Kudos to Andrei Martyanov for highlighting an article I missed — Bad history makes for bad policy on Ukraine — by Robert English. Andrei correctly takes English to task for butchering the statistics regarding the Battle of Kursk. I want to take a deeper dive into Mr. English’s article because he embraces a number of false assumptions about Russia but still manages to come to the correct conclusion about the failure of U.S. and NATO planners to understand the cause of the Ukrainian debacle, which is:
. . . a broader analytical failing that has yet to be acknowledged: flawed and often facile historical analogies led defense planners to underestimate Russia’s resilience.
Okay. There is the benchmark — i.e., Identify the “flawed and often facile historical analogies” that produced the delusional analysis and predictions pumped out by a raft of “military experts” during the last 20 months. But English immediately displays his own ignorance with this passage:
One example is Russia’s acceptance of mass casualties and use of “human wave” attacks where they lose three or more soldiers for every Ukrainian casualty. Time and again — right up to the present — commanders and commentators cite this as a sign of severe Russian weakness.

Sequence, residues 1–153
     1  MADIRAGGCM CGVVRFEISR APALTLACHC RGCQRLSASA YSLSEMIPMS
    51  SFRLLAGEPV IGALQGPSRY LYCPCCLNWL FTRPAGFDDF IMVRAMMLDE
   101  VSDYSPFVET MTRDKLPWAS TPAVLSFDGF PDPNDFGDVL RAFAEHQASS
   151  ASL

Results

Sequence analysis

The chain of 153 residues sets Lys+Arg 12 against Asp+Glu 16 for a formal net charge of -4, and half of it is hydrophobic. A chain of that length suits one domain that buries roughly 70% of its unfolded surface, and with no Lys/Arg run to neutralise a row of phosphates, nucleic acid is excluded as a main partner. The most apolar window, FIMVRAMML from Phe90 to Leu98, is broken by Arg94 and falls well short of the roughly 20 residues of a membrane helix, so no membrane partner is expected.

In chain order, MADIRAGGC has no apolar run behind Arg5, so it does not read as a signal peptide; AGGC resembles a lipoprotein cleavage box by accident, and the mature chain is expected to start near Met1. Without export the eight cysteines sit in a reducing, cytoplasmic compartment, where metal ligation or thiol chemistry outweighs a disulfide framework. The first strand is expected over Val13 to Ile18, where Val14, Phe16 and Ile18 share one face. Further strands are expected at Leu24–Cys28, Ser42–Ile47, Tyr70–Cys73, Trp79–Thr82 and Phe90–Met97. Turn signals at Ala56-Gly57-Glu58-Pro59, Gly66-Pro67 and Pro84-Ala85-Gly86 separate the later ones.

Okay. Time for a reality check. Russia has not suffered mass casualties and has not used “human wave” attacks. Seems that the Russian General Staff are not a bunch of cretins. They entered Ukraine with an estimated 70,000 to 100,000 soldiers and attacked a Ukrainian Army that consisted of 196,000 soldiers and an active reserve of 900,000, according to the Business Insider. English could argue that the Russians were guilty of hubris, but I think that move reflected their confidence in being able to deal effectively with a force two to three times larger. There is no evidence that Russia conducted any human wave attacks during 2022 or 2023 and certainly did not suffer mass casualties. Just the opposite. The Russian General staff conducted operations specifically designed to minimize Russian casualties.
Russia has done two basic things to pulverize Ukrainian forces. First, it used its decisive advantage in missiles and artillery to pound Ukrainian trenches, bases and supply depots. Second, it used drones in an unprecedented fashion (and with increasing sophistication) to conduct “drone wave” attacks on Ukrainian soldiers hunkered down in bunkers.
How do we know that Russia avoided mass casualties? Very simple. The social media platforms in Russia do not show massive new graves nor are there posting by grieving relatives about the loss of Sasha or Vitaly.
Robert English, to his credit, takes a well deserved shot at General Mark Milley and other poseurs, such as the disgraced David Petraeus, for saying incredibly stupid things: